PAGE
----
The sisters share the stories of several children in their care. Tadele, 7, is autistic and lies on his bed most of the time. He does not speak and has a physical disability. Ruhama, 2, was abandoned by her mother who was raped and feared her family’s anger and shame. Eight-month-old Paulos, too, was abandoned by his mother, who is currently under medical care after being raped in Saudi Arabia, where she was a migrant worker. Hilina, 12, has severe physical disabilities. She cannot speak and lies in bed all day. But the sisters say her health improved significantly after she arrived at the home two years ago severely malnourished and underweight. Sister Lutgarda caresses Hilina’s head.
“We don’t know what happened to her,” she says about the neglect the young girl had experienced.
Then she points out Gabriel among the children on the playground. “When he came, he was 10 days old and undernourished. No one believed he would live,” she says. Now 11 years old, Gabriel is in the sixth grade and is a skilled soccer player.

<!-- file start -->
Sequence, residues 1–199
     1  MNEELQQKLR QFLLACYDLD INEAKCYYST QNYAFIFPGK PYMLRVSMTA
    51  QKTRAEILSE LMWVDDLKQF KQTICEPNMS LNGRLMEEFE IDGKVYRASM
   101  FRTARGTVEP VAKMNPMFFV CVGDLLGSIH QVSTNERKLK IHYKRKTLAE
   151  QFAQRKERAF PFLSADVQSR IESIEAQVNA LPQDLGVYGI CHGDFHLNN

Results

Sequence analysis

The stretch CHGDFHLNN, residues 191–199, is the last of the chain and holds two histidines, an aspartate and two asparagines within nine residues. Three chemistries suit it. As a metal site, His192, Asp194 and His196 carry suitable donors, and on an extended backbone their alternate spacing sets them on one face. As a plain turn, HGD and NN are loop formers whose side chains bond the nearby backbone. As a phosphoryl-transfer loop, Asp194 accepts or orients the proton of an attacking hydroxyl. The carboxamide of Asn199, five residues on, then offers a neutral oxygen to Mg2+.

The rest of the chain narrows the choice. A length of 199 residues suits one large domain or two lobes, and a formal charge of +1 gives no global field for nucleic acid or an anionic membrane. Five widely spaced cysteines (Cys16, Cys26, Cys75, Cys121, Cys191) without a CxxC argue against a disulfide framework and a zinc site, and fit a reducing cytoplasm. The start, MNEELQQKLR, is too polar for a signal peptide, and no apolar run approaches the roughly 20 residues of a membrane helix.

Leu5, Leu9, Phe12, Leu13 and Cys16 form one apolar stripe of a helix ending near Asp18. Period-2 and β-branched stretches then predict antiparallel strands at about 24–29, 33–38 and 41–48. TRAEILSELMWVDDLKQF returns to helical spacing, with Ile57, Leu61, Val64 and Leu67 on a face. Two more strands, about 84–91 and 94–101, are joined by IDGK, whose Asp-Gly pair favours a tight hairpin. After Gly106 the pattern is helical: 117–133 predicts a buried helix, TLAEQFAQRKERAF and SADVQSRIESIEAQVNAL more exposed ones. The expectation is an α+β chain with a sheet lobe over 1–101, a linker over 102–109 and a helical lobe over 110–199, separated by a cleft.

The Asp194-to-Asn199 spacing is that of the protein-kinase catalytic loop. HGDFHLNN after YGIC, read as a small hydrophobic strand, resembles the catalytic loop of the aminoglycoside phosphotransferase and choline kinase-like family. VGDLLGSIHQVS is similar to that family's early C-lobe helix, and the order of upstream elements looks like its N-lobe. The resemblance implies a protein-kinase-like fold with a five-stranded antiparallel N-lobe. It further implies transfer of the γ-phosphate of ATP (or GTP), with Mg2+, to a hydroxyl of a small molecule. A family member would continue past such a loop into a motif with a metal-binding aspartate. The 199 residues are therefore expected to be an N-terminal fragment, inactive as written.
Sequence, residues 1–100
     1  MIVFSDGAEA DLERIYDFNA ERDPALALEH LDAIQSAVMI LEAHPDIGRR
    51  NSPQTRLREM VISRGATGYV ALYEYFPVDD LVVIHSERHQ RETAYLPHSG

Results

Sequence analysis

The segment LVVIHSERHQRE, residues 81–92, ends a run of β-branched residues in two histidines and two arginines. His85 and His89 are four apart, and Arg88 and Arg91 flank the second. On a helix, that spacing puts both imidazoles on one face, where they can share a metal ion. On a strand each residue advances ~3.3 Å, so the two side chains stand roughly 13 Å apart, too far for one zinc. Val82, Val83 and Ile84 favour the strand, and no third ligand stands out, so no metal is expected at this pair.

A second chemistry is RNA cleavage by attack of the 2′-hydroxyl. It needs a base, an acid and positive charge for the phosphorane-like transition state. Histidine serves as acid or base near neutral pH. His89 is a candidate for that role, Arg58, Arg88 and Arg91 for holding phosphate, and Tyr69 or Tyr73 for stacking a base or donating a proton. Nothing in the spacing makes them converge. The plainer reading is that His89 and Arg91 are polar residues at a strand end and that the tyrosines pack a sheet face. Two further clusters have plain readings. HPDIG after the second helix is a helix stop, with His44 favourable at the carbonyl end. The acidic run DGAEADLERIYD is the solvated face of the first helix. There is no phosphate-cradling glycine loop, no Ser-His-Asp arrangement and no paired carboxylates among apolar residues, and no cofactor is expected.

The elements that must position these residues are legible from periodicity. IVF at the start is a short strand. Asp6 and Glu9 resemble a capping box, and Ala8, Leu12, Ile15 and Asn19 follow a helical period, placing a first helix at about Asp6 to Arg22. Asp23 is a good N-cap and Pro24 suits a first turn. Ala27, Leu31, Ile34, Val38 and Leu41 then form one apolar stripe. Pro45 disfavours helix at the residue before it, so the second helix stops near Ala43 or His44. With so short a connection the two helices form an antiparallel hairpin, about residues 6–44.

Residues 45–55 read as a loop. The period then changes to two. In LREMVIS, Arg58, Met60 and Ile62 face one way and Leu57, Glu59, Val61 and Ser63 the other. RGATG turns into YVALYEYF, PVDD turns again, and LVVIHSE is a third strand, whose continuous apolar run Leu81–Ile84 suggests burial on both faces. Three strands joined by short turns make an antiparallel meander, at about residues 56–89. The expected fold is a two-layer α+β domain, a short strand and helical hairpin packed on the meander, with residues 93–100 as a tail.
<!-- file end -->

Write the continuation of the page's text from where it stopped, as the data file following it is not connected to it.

The home receives children who are orphaned, abandoned or disabled through a public system governed by Ethiopia’s Ministry of Women, Children and Youth Affairs. Previously, the sisters would take in children they found abandoned near the home or brought to them by police, but new federal laws regulating the care of children changed about 10 years ago, Sister Lutgarda explains.
Mr. Breen gets emotional speaking about how the support he received at Kidane Meheret has impacted his life.
“You could see what kind of men and women we have become [and yet] it is home for us. It never changes,” he says.
Mr. Breen works in the Seattle area as a direct support professional for an organization that provides residential care to adults with special needs and runs his own business as a personal trainer and exercise science specialist.
His first trip back to Ethiopia since his adoption was in 2015, and he has returned to visit every two years since — for three to four months at a time — to volunteer.
He established a network of more than 25 people in Seattle, who also were adopted from the children’s home and who contribute funds so Mr. Breen can purchase food and other supplies during his months-long stays.
This year, Mr. Breen volunteered from September to November in the form of teaching and mentoring.
“I advise the children on how they should treat each other,” he says. “This year, some of the children want to develop their English language skills, so I tutor them.”
Many of the children feel the pain of abandonment and hope to be adopted, he adds, but adoption does not happen for most of them.
“These kids need love,” he says. “They just enjoy it when people come.”